To understand the linkages between the ecological dimensions and the military conflict, we turn now to look at the intersection of elements and phenomena, both manmade and natural: deforestation resulting from drought, unsustainable economic activities, farming patterns, livestock and grazing habits, shortage of water supply, and increasing population.


The permanent reduction in the area covered by trees is an economic issue affecting the forestry sector in Sudan. Deforestation results in wide-ranging negative impacts, such as the intense degradation of land and water resources and the loss of livelihoods from forest ecosystem services. This in turn results in recurring conflict over exploitation of dwindling resources and dwindling economic opportunities. According to the United Nations Food and Agricultural Organization (FAO), the sector of forests represents approximately 13 percent of the gross domestic product. Both in rural and urban Sudan, people depend on forests for their livelihood, since trees are a valuable and highly demanded source of energy, and wood is used for construction and roofing. In the rural areas, forests are used for hunting, grazing, shade, and tree bark for medicinal purposes, as well as the production of nonwood produce such as gum and honey.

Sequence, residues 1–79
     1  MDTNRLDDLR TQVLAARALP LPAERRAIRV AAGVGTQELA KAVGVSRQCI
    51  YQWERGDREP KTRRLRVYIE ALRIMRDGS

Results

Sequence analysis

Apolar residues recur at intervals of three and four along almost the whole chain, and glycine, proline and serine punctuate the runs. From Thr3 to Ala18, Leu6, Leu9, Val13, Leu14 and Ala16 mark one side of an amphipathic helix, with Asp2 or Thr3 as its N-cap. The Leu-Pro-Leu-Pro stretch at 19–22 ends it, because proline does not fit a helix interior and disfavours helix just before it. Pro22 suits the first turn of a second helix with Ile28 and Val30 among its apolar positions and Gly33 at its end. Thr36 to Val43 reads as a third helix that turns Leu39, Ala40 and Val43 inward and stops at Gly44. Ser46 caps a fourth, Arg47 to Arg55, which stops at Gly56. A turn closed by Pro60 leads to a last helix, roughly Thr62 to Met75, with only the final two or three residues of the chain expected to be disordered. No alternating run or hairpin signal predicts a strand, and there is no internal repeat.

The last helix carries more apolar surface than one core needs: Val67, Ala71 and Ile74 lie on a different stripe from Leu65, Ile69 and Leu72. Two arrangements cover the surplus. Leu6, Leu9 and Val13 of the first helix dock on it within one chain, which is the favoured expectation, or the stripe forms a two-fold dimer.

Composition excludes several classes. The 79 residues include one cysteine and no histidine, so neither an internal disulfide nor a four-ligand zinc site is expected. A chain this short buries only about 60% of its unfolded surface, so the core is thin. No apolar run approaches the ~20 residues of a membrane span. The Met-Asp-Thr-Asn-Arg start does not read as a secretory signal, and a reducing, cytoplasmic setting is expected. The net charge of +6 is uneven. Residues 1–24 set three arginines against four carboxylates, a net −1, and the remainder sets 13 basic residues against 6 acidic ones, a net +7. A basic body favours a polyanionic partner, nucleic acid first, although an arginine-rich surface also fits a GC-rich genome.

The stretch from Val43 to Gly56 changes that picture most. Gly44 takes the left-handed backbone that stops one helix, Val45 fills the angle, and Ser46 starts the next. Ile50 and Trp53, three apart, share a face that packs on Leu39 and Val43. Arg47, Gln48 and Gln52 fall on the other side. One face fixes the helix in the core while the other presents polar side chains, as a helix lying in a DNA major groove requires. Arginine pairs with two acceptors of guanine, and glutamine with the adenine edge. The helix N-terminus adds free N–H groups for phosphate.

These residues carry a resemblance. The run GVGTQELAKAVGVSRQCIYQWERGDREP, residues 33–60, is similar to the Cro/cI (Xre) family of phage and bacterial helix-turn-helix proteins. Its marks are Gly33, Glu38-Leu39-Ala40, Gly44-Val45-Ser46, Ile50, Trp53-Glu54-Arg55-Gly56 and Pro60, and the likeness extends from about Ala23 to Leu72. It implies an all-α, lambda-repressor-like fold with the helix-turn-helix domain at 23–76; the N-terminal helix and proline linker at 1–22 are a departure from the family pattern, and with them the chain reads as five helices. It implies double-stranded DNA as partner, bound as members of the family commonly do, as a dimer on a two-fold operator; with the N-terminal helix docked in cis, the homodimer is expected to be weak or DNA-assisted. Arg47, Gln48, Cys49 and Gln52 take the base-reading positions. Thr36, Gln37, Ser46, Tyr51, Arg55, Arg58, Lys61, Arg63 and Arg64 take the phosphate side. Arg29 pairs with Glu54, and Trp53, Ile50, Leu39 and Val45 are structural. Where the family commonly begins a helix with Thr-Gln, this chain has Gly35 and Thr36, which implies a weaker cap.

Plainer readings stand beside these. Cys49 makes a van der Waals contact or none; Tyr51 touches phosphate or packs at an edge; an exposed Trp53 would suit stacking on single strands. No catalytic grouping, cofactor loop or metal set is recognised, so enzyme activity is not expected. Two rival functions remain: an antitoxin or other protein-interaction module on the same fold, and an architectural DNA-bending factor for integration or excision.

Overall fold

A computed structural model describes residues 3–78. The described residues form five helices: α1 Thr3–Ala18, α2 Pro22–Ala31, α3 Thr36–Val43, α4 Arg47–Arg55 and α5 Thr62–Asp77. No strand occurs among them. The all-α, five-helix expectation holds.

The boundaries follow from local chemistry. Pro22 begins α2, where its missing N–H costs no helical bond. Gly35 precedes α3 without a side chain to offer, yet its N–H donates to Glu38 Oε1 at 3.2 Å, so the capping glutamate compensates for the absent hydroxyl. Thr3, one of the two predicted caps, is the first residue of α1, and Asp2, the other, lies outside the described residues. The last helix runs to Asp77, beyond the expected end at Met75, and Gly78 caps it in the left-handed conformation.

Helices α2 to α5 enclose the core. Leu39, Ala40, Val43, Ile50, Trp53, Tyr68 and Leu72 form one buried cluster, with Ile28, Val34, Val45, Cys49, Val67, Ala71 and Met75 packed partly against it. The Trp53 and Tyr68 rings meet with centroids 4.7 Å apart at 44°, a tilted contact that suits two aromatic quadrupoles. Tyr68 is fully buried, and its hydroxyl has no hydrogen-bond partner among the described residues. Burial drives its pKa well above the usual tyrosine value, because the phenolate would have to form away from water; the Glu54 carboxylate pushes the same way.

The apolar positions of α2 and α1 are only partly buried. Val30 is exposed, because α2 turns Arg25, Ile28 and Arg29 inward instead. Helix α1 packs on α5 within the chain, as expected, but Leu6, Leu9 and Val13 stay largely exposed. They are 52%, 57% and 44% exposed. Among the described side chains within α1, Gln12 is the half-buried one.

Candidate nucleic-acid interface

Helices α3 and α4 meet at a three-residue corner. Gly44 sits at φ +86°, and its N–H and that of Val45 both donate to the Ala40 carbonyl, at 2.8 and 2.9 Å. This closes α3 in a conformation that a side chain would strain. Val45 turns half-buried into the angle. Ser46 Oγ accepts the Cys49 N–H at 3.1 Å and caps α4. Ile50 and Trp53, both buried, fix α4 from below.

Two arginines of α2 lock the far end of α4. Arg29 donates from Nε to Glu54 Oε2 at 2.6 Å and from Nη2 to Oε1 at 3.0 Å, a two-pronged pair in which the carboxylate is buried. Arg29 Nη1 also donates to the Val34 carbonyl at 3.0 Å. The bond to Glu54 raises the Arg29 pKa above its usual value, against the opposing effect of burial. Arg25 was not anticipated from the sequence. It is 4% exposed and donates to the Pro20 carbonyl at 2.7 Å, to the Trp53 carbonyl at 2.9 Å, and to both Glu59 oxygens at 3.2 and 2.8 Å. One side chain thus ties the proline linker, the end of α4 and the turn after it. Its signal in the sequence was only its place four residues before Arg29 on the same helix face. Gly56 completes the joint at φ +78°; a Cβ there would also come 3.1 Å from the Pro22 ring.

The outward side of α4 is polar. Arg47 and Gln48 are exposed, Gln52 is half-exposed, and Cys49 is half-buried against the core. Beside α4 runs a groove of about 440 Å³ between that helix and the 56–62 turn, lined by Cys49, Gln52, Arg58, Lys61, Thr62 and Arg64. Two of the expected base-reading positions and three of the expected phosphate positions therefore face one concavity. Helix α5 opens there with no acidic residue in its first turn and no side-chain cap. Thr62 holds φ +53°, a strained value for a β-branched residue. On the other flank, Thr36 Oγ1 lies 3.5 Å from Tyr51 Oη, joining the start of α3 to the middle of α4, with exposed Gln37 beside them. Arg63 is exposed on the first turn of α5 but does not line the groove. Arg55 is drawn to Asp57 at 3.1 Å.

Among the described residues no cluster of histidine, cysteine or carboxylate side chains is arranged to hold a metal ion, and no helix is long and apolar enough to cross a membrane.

This important yet vulnerable economic resource is gradually threatened by deforestation due to the effects of climate change, energy needs, and agricultural clearance. [32] Sudan lost an average of 589,000 hectares of forest per year between 1990 and 2000. This loss intensified between 2000 and 2005 (0.84 percent per annum). In sum, Sudan lost 11.6 percent of its forest cover between 1990 and 2005. According to the United Nations Environment Program (UNEP) and FAO surveys, closed forests have changed since the 1970s into open forestland and burned areas, pasture, or rain-fed agriculture in western and southern Darfur. This loss represents 29.4 to 30.3 percent in three decades. [33]